You can cook pasta perfectly with these simple tricks. First, use a big pot and lots of water so the pasta has room to “swim” and therefore cook evenly. Second, Salt your water to add flavor to the pasta. And third, use the cooking times on the package as a guide, but still pull a piece out of the water about a minute before the recommended cook time to be sure it has reached that perfect al dente state (some bite without the starchy taste). Some cooks suggest adding olive oil to the boiling water to help prevent the pasta from sticking together; I think a few stirs with tongs or a long-handled wooden spoon works just as well.
- Fill a large pot with 5 quarts of water. Leave at least 2 inches between the water line and the lip of the pot so the water doesn’t boil over. (If using a pasta insert, place it in the pot. A pasta insert is used in lieu of a colander when draining pasta.)
- Bring water to a full boil and add 1 tablespoon of salt per pound of pasta. Water is at a full boil when many large bubbles are popping at the surface.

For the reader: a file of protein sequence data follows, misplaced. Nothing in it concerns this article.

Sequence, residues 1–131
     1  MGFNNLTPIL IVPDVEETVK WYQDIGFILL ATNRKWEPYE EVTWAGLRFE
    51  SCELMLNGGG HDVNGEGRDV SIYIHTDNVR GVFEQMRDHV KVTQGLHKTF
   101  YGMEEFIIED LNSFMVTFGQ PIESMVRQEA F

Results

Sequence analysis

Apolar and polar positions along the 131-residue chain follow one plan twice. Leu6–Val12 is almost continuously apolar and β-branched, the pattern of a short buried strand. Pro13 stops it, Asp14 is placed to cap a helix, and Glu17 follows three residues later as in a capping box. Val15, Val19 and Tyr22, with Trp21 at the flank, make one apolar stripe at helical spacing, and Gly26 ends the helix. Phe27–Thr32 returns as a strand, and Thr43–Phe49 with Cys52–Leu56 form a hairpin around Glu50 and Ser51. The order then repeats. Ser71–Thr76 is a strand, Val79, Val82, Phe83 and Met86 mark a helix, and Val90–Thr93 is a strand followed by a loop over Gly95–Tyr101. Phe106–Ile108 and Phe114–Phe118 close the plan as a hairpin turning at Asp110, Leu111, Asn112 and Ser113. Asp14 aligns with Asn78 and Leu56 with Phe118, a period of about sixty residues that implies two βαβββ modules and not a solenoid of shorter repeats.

- Add pasta all at once, and stir it around a few times so the pieces are not sticking together. Let the water return to a boil. Now, start timing.
- Cook pasta uncovered until done to your preferred degree of firmness (see packaging for a reference cook time). Note: if cooking pasta for a baked pasta dish such as baked ziti or macaroni and cheese, undercook the pasta, since it will cook further in the oven. The exact time should be specified in the recipe directions.
- Place colander in the sink. Drain pasta by tipping the pot into a colander. If using a pasta insert, simply place it in your sink. Shake the colander or pasta insert a few times to get rid of any excess water.
- Serve immediately. Store cooked pasta in an airtight container in the refrigerator for up to three days. To reheat, drop it into boiling water for a minute. (But, really, since you have to take out your pot and boil the water, why not just make pasta as needed?)